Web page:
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Making Visible the Hidden Economy: The Case for Gender-Impact Analysis of Economic Policy

  • Susan Himmelweit
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    This paper makes the case for analyzing the gender impact of economic policy, based on the existence of an unpaid as well as a paid economy and on structural differences between men's and women's positions across the two economies. Economic policy is targeted on the paid economy. However, unintended impacts on the unpaid care economy may limit how effective any policy can be. Gender-impact assessment will not only make the effects of economic policies on gender inequalities transparent; it will also enable policy makers to achieve all their goals more effectively, whether or not these goals relate explicitly to gender. The introduction in the UK of a new Working Families' Tax Credit (WFTC), designed to make employment pay and help reduce child poverty, provides an example of how gender-impact assessment could have been used to improve an initial policy design. The paper also suggests criteria for evaluating economic policy, so that its full gender impact and its effects on both paid and caring economies can be assessed.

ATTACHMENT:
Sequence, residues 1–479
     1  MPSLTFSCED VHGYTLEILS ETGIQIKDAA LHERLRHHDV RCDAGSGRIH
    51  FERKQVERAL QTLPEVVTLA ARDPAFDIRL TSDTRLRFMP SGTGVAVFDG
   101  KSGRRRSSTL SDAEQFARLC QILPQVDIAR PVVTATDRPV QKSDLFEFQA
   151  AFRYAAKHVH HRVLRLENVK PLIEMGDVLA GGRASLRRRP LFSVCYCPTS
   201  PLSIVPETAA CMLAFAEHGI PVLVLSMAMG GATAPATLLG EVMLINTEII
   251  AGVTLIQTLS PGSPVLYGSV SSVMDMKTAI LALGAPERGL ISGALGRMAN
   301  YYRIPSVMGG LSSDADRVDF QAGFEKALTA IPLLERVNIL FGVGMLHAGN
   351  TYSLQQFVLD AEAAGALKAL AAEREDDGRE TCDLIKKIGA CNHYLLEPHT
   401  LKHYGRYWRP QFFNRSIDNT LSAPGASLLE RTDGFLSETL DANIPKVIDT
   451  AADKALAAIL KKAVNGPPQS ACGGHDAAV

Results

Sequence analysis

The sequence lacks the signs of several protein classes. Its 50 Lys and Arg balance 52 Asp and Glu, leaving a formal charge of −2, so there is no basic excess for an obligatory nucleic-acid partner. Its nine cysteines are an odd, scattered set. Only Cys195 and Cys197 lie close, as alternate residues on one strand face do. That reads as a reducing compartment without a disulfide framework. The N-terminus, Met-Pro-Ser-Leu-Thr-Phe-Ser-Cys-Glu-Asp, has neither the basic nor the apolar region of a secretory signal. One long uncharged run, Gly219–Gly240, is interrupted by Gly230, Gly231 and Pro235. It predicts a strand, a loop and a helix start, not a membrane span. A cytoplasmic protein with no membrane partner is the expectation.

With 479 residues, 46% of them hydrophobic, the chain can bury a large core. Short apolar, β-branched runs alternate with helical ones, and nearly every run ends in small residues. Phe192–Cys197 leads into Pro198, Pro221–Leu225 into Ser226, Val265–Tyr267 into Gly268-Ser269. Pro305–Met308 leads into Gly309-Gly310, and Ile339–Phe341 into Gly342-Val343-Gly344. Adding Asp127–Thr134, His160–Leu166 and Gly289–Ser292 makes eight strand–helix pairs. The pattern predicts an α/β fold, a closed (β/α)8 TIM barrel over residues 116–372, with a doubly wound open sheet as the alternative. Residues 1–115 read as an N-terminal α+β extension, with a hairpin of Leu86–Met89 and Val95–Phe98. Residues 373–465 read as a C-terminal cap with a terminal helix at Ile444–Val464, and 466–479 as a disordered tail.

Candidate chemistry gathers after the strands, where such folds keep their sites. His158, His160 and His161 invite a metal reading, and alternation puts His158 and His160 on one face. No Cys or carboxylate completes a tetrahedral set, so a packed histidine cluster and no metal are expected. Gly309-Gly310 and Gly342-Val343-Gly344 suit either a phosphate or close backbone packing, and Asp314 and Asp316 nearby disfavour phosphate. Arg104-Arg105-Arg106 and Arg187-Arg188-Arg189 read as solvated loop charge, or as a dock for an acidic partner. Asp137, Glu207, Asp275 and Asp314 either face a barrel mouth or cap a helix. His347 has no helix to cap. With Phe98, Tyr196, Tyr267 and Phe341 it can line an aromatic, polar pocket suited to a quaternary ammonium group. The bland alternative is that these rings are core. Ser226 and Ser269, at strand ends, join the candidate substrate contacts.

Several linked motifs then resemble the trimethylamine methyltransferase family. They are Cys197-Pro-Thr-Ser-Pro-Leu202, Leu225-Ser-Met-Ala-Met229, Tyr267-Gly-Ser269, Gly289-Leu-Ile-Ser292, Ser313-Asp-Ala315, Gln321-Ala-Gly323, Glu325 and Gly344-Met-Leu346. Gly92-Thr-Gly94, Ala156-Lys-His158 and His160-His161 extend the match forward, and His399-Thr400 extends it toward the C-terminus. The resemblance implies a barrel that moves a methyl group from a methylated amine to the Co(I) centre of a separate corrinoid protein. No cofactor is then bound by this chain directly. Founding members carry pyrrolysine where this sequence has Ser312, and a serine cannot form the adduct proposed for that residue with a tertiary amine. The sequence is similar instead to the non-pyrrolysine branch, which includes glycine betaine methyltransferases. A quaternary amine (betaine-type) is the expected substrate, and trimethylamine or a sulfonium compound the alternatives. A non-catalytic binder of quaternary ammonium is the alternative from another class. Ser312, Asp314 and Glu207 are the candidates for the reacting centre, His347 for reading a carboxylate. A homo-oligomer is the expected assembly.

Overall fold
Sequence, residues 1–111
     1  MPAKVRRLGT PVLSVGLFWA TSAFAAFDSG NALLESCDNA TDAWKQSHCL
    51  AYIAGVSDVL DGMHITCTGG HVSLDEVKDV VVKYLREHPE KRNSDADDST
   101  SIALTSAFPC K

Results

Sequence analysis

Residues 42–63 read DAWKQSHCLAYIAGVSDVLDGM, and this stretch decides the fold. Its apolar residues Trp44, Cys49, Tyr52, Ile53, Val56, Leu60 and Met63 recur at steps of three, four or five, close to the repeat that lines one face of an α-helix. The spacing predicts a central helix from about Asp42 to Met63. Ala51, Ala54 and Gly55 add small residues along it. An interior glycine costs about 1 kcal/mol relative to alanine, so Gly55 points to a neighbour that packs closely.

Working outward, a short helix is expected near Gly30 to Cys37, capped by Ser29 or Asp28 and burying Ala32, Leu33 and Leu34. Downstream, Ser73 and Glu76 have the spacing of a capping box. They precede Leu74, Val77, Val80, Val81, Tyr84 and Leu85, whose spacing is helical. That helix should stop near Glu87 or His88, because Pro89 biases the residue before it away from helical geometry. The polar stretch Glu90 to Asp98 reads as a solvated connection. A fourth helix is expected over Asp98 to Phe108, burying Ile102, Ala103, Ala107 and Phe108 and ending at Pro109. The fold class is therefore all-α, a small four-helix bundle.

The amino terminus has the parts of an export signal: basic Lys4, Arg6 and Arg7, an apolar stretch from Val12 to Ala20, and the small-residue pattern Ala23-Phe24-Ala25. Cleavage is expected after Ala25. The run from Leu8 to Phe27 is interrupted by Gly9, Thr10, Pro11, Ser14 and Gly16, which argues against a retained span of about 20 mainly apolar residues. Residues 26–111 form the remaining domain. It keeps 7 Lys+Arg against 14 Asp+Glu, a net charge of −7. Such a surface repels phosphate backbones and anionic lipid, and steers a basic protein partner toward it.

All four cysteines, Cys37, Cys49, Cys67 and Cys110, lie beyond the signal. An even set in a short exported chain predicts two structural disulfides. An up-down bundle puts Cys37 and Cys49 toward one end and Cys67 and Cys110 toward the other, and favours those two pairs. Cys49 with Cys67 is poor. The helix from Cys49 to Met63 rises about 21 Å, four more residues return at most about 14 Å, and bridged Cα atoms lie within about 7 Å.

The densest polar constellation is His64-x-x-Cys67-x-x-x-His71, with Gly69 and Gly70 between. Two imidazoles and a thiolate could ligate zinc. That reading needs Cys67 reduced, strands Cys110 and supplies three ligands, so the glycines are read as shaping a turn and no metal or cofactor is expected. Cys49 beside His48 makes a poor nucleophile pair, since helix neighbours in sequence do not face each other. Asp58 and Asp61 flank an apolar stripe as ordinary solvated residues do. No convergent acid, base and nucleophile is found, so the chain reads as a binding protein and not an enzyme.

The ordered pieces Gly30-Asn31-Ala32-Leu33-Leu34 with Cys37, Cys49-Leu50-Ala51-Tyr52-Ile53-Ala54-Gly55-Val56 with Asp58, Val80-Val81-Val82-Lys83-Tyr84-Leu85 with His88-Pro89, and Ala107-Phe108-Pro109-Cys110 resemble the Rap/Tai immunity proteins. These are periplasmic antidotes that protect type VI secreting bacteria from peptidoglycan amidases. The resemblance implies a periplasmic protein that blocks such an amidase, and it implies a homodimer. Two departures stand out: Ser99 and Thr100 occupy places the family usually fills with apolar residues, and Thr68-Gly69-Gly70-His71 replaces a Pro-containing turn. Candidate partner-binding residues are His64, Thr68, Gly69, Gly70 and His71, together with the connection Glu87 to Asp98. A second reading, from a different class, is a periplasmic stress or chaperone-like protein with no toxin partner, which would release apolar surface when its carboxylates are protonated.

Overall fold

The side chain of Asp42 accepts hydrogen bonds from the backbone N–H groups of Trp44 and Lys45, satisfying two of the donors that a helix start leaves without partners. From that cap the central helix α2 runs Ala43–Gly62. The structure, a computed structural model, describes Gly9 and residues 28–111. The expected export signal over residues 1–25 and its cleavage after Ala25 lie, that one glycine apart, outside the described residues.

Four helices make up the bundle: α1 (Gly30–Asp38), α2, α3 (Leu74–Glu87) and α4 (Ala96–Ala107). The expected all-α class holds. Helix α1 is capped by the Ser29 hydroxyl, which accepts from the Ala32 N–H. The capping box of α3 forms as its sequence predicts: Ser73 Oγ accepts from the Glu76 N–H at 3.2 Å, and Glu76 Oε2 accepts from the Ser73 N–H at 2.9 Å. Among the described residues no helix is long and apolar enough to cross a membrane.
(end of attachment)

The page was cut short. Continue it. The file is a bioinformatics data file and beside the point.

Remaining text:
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    File URL: http://www.tandfonline.com/doi/abs/10.1080/13545700110104864
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    Article provided by Taylor & Francis Journals in its journal Feminist Economics.

    Volume (Year): 8 (2002)
    Issue (Month): 1 ()
    Pages: 49-70

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    Handle: RePEc:taf:femeco:v:8:y:2002:i:1:p:49-70
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    1. Lundberg, S. & Pollak, R.A., 1991. "Separate Spheres Bargaining and the Marriage Market," Discussion Papers in Economics at the University of Washington 91-08, Department of Economics at the University of Washington.
    2. Lundberg, S.J. & Pollak, R.A. & Wales, T.J., 1994. "Do Husbands and Wives Pool Their Resources? Evidence from U.K. Child Benefit," Discussion Papers in Economics at the University of Washington 94-6, Department of Economics at the University of Washington.
    3. Duncan Ironmonger, 1996. "Counting outputs, capital inputs and caring labor: Estimating gross household product," Feminist Economics, Taylor & Francis Journals, vol. 2(3), pages 37-64.
    4. Jonathan Gershuny & John Robinson, 1988. "Historical changes in the household division of labor," Demography, Springer, vol. 25(4), pages 537-552, November.
    5. McElroy, Marjorie B & Horney, Mary Jean, 1981. "Nash-Bargained Household Decisions: Toward a Generalization of the Theory of Demand," International Economic Review, Department of Economics, University of Pennsylvania and Osaka University Institute of Social and Economic Research Association, vol. 22(2), pages 333-49, June.
    6. Bina Agarwal, 1997. "''Bargaining'' and Gender Relations: Within and Beyond the Household," Feminist Economics, Taylor & Francis Journals, vol. 3(1), pages 1-51.
    7. Susan Donath, 2000. "The Other Economy: A Suggestion for a Distinctively Feminist Economics," Feminist Economics, Taylor & Francis Journals, vol. 6(1), pages 115-123.
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